Covid-19 Economic Support Package

Part of the debate – in the House of Commons at 1:32 pm on 14th October 2020.

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Photo of David Linden David Linden Shadow SNP Spokesperson (Housing, Communities and Local Government) 1:32 pm, 14th October 2020

One of the things that we are seeing in Scotland is that test and trace is working a lot better, and that is because we have not hived it off to, for example, Serco. We have been very clear that we will follow the scientific advice and we will do our very best to get that balance. That is what we have seen with the restrictions that came into place last week in Scotland. We will see how that goes. We are always keeping things under review, but the reality is that we need to follow the advice and get a balanced approach. That is exactly what we are doing, and I am sure that we will see that bearing fruit.

I turn to the issue of the excluded 3 million. The SNP has consistently and continually raised the 3 million who were excluded from the Chancellor’s initial financial support packages back in the spring. Let us be clear that the Treasury continues, I am afraid, to exclude artists, freelancers and the newly self-employed from these recent economic plans. Three million people were shut out of the vital financial support that they desperately needed during the first wave of the pandemic and they were left to face huge financial insecurity, with their livelihoods and businesses put at risk. Rather than listening to the calls of these 3 million people, the Chancellor has decided to leave behind the self-employed yet again in his economic plans, with a 70% replacement of profits being replaced in November with just 20%.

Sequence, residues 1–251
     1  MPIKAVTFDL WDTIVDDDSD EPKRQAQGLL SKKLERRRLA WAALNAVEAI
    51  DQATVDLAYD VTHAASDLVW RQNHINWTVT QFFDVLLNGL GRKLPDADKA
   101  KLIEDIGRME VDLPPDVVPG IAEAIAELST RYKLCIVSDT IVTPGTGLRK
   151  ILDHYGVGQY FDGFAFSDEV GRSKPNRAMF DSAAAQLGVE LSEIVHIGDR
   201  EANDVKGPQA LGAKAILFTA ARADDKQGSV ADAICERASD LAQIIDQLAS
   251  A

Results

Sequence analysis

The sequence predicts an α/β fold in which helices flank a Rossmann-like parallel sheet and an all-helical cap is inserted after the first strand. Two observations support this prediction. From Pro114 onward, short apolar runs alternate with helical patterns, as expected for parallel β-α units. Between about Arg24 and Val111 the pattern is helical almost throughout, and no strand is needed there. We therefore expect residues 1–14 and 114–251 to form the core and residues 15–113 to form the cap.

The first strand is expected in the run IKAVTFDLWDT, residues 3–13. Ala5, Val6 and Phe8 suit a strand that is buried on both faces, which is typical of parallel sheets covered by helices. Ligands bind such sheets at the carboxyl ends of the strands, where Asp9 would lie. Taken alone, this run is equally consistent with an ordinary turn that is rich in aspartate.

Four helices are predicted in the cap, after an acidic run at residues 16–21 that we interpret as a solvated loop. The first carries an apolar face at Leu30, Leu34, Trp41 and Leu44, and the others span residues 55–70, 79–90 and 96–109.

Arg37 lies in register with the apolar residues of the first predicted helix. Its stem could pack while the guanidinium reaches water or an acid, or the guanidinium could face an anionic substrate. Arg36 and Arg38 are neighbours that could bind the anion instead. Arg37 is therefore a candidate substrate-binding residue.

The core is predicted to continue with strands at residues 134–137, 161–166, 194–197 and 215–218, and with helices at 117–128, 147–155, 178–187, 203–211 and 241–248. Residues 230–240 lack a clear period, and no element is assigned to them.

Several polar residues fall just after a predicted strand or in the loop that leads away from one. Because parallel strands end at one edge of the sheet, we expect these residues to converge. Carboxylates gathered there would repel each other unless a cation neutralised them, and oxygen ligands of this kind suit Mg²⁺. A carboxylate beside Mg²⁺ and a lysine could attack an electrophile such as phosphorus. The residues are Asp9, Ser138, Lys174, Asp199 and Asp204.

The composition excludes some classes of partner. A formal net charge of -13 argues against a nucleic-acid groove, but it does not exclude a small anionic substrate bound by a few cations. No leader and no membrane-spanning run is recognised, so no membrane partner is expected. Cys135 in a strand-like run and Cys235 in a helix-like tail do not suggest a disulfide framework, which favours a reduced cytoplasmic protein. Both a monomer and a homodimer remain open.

Another group that has repeatedly been excluded from the Chancellor’s financial packages has been the arts and culture sector. We saw this week the closure of all Cineworld theatres across the UK, including the one in my constituency in Parkhead. I again call on him to provide sector-specific support for the arts and culture sector, which we know will continue to suffer during the second wave of the pandemic. [Interruption.] I hear James Cartlidge chuntering away that the Chancellor has just done that, but many people in our constituencies in the arts and culture sector make it clear to us that that support does not go far enough. If the Chancellor has done that, why is Cineworld in Parkhead closing?

I have described thus far a very tough image of countless jobs being at risk. Many sectors are vulnerable and some businesses are wondering if they will make it to the new year, but the rising cases should emphasise to the House that we are still in the midst of this pandemic, which has already delivered severe blows to people’s incomes and financial security, with the most vulnerable people facing a disproportionate economic hit. That is why the SNP has repeatedly called upon the Government to make the £20 increase to universal credit permanent, especially after the latest findings from the Institute for Fiscal Studies, warning that 4 million families could see their support slashed if the Tory Government refuses to make that £20 uplift permanent.

The Joseph Rowntree Foundation has highlighted that nearly three quarters of a million more people, including 300,000 children, could be forced into poverty if the uplift is not made permanent. That must serve as a wake-up call for the Government. The Chancellor cannot continue to turn a blind eye to the vast inequality that exists right across the UK. With the winter months approaching, the poorest and most vulnerable people will suffer the most from the Chancellor’s economic plans, and it is quite clear that he has a choice in front of him and that he needs to do much better by them.